At age 39, Joseph D. Kearney ’89 is one of the youngest law school deans in the country. But the new dean of Marquette University Law School in Milwaukee would rather talk about how he wants to apply his legal experience to his new position. And Kearney has experience–as a former Supreme Court clerk, big-firm litigator and law school professor. On July 1, when he became the ninth dean in the century-long history of Marquette’s law school, he began yet another phase in his career, as an administrator and leader.

“I have always thought of myself as a lawyer first,” Kearney said. “I hope that won’t have to change.”

At HLS, however, Kearney’s erudite side was more evident. His third-year paper, which he wrote under the supervision of Professor Charles Donahue Jr., was a study of the recusal of judges in medieval Europe. Kearney recalls spending numerous hours in Langdell’s Treasure Room, where the former Yale classics major first had to translate medieval legal texts from Latin before incorporating them into his paper.

After graduating from HLS, Kearney clerked on the Ninth Circuit for Diarmuid F. O’Scannlain ’63. He then returned to his hometown of Chicago in 1990 to do civil litigation at Sidley & Austin (now known as Sidley Austin Brown & Wood). More than half of his work during his five years at Sidley consisted of appellate and regulatory work for AT&T.

After serving as a clerk to Supreme Court Justice Antonin Scalia ’60 during the 1995-1996 term, Kearney returned to Sidley, but by this time he had decided to seek a position as a law school professor. Before beginning his search, he promised his wife, Anne Berleman Kearney ’90, that they wouldn’t move more than 100 miles from Chicago.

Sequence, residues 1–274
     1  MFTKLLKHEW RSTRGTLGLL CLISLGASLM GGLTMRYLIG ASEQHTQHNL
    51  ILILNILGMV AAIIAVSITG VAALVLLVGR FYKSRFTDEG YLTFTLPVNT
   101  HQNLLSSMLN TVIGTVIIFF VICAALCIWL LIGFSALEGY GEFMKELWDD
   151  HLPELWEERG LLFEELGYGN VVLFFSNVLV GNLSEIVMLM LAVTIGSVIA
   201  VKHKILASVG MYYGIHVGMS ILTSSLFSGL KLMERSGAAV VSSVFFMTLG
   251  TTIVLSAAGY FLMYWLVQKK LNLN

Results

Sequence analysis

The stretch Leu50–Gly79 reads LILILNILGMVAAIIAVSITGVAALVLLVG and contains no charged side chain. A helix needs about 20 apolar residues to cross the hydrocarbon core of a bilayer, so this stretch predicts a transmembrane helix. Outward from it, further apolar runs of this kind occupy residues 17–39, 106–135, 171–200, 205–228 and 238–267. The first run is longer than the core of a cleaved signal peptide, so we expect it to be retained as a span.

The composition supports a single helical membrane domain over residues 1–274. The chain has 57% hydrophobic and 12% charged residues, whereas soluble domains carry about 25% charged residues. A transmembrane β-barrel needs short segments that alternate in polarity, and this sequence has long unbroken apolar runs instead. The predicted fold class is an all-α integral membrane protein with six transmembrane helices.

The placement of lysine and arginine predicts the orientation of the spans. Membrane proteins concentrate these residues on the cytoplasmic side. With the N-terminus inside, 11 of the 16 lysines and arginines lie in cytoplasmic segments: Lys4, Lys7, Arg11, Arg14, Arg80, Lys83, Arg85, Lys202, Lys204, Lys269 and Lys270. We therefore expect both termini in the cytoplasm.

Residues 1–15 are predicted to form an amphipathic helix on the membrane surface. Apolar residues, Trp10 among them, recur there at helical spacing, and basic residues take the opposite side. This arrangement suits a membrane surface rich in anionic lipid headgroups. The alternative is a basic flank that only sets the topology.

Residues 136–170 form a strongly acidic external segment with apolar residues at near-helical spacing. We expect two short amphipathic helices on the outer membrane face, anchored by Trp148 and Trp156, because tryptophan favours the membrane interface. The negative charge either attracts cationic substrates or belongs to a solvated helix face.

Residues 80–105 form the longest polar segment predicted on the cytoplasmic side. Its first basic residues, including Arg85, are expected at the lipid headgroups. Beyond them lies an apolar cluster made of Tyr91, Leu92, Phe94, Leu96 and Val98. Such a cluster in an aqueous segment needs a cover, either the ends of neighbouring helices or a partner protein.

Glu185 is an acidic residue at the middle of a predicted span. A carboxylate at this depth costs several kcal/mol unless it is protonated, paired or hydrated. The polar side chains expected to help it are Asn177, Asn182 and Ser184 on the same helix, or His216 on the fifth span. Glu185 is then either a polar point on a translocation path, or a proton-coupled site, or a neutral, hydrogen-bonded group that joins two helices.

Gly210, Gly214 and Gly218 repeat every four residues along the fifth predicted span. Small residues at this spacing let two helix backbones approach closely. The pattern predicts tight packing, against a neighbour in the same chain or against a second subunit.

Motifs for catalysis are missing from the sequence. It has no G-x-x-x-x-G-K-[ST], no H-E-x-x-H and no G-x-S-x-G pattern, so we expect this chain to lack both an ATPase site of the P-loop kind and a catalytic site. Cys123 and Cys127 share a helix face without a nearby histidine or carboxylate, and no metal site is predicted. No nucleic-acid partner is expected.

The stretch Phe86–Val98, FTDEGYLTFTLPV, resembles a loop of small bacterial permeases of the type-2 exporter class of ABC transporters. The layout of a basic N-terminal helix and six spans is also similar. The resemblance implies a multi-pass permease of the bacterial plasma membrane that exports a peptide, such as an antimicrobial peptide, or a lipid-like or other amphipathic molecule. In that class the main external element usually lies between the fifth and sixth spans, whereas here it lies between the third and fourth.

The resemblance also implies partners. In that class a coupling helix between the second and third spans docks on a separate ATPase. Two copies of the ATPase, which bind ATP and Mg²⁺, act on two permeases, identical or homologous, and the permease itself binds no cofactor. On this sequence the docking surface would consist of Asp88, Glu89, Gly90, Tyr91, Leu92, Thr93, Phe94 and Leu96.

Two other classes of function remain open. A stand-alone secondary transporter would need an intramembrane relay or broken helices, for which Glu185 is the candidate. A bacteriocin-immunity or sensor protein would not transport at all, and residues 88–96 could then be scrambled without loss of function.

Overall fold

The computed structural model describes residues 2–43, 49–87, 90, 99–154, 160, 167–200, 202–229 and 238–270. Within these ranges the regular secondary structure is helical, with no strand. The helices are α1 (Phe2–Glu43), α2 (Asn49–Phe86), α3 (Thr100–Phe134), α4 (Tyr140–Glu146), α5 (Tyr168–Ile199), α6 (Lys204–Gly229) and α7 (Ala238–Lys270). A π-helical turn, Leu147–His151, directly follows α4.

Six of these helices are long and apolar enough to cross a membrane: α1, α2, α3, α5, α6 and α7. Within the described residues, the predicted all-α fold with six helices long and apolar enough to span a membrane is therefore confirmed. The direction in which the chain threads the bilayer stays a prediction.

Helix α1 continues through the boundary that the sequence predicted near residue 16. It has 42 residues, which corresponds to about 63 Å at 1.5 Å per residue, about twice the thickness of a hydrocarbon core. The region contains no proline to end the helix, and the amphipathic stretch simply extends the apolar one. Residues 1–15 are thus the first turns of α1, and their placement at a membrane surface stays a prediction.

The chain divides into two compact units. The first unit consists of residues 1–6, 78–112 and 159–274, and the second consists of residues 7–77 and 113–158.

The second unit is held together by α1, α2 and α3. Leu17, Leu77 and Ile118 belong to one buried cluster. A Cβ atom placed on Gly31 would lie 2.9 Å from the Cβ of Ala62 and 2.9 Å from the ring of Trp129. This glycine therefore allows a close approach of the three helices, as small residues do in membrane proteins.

Then Marquette offered him a position. Though it’s 95 miles from Milwaukee to downtown Chicago, his parents’ home on Chicago’s South Side was beyond the 100-mile limit. Kearney, a hard-core White Sox fan, came up with a solution that was part Solomon and part South Side: “The measure is Comiskey Park, and that’s 99 miles,” he said.

At Marquette, he has taught civil procedure in addition to administrative law and regulated industries, two courses that grew out of his work representing AT&T. Kearney says that his emphasis on the real-life application of legal theories has been a good fit at Marquette. “Marquette students are intensely practical,” he said. “If they believe that you have a basis in experience for what you are saying, they are more interested.”

As dean, Kearney wants Marquette to continue to advance in national academic circles. He also wants to continue the school’s tradition of producing students who are committed to public interest work. His predecessor was Howard Eisenberg, a legendary pro bono lawyer in Wisconsin. Kearney says that in honor of Eisenberg’s legacy, he wants to find ways “to imbue this public interest ethic in the students.” One issue now under discussion by the faculty is whether Marquette should follow HLS’s example and establish a pro bono requirement.

In working toward these goals, Kearney keeps his focus on how Marquette can be of practical help to the city and state he now calls home. “To train men and women with an interest in using law to assist others should be the focus of law schools,” he said. “We aren’t schools of philosophy; we’re professional schools.”